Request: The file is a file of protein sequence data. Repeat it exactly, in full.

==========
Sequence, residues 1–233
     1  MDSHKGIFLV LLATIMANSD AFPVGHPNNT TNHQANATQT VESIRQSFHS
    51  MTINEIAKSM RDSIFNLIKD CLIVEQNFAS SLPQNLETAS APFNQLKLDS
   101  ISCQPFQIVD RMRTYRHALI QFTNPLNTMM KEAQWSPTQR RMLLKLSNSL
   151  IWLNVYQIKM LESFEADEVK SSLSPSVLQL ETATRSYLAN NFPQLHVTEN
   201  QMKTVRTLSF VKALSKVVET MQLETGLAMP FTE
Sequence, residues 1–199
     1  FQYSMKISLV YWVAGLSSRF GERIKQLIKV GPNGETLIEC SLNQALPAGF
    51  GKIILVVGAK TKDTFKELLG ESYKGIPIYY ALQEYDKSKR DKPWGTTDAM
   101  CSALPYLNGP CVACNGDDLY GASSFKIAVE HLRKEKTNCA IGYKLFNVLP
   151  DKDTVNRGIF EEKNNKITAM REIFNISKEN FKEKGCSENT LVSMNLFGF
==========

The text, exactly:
Sequence, residues 1–233
     1  MDSHKGIFLV LLATIMANSD AFPVGHPNNT TNHQANATQT VESIRQSFHS
    51  MTINEIAKSM RDSIFNLIKD CLIVEQNFAS SLPQNLETAS APFNQLKLDS
   101  ISCQPFQIVD RMRTYRHALI QFTNPLNTMM KEAQWSPTQR RMLLKLSNSL
   151  IWLNVYQIKM LESFEADEVK SSLSPSVLQL ETATRSYLAN NFPQLHVTEN
   201  QMKTVRTLSF VKALSKVVET MQLETGLAMP FTE
Sequence, residues 1–199
     1  FQYSMKISLV YWVAGLSSRF GERIKQLIKV GPNGETLIEC SLNQALPAGF
    51  GKIILVVGAK TKDTFKELLG ESYKGIPIYY ALQEYDKSKR DKPWGTTDAM
   101  CSALPYLNGP CVACNGDDLY GASSFKIAVE HLRKEKTNCA IGYKLFNVLP
   151  DKDTVNRGIF EEKNNKITAM REIFNISKEN FKEKGCSENT LVSMNLFGF